It’s still hard for me to make the transition. I think that it will be a process over time to the point where I can take on a show more on my own and not have other producers that I need. I will always have people, I think because I’m not a money person and just it’s not my skill set yet. Maybe it will be one day. As of now, I don’t feel like I have the entire skillset required to do the job, but I think that I’m getting closer and closer.
Directing? Does that interest you at all?
KK: You know what, it doesn’t. And I wish it freaking did. I wish that’s what I wanted to do. I think I’m a visual person. I think I’m just uncomfortable handling a set. I think that it’s a very specific environment that I just don’t… And it’s not even out of fear. I just don’t want to do that. I don’t think. I mean, never say never, I suppose. But I have friends who are like, ‘Yeah, I want to direct,’ and they’re former actors who are moving into other fields. Women especially want to move out of acting because as you get older, sadly, you sort of age out a little. Which we can also change when we’re in positions of power. But yeah, I wish, I wish, wish. Directing, I wish, directing.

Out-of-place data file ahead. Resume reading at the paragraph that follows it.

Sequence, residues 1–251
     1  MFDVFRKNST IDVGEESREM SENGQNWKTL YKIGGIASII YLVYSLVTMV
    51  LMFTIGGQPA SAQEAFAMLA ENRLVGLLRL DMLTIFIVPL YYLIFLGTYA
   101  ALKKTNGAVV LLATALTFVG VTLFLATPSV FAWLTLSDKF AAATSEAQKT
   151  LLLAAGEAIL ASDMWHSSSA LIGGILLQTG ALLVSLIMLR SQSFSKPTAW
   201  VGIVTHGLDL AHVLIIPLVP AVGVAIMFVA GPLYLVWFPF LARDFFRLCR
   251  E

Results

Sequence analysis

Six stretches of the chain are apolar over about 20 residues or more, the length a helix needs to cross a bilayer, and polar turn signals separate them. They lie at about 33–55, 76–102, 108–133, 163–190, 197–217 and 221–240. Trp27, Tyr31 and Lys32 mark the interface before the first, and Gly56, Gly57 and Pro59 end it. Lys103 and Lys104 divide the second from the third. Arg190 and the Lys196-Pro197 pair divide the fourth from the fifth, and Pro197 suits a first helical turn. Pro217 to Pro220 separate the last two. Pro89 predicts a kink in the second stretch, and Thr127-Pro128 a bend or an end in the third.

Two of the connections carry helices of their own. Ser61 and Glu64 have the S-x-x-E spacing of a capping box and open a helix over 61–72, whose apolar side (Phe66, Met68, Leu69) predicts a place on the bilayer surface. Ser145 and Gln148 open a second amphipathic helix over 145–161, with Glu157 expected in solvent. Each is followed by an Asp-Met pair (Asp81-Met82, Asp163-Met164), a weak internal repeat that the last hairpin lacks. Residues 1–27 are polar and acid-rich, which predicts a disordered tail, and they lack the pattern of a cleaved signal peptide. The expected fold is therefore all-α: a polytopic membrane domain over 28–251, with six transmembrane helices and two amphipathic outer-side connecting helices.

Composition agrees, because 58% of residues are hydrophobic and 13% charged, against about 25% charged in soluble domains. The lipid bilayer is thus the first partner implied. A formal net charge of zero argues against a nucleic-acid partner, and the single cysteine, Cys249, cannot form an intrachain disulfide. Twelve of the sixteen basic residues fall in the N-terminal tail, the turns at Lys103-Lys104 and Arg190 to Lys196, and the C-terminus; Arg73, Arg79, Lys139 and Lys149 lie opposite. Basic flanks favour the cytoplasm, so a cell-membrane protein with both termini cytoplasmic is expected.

It was interesting watching those Season 1 and Season 2 clips again this morning because, specifically the Season 2 clips that I made note of, where the camera was in tight. I feel like that’s different from season one.
KK: It’s new. We made a conscious decision to change the look of the show between Season 1 and Season 2. And then Thom Best, who was our Season 2 director of photography, and director Grant Harvey got together and kind of pitched a whole look. And they were like, ‘We want to get more intimate close-ups of the characters,’ which we had certainly not done and I’m always like, ‘Blah, I don’t want to be that close.’ But it really was effective. Really effective.
Not only that, they shift compositionally. So they changed the compositional palette of the show and the colour palette, too. The whole thing is a little more cinematic versus season one, which was also beautiful, but much more like small-town and warm and glowy and I think that the shift was really great for the story that we were telling for season two.
You mentioned Edgemont so I have to ask you about that. It’s on Encore+. Have you gone and looked at any old episodes?
KK: God, no. I can’t do it.
Isn’t that incredible that this show that you made is now available on YouTube for people to stream any time they want?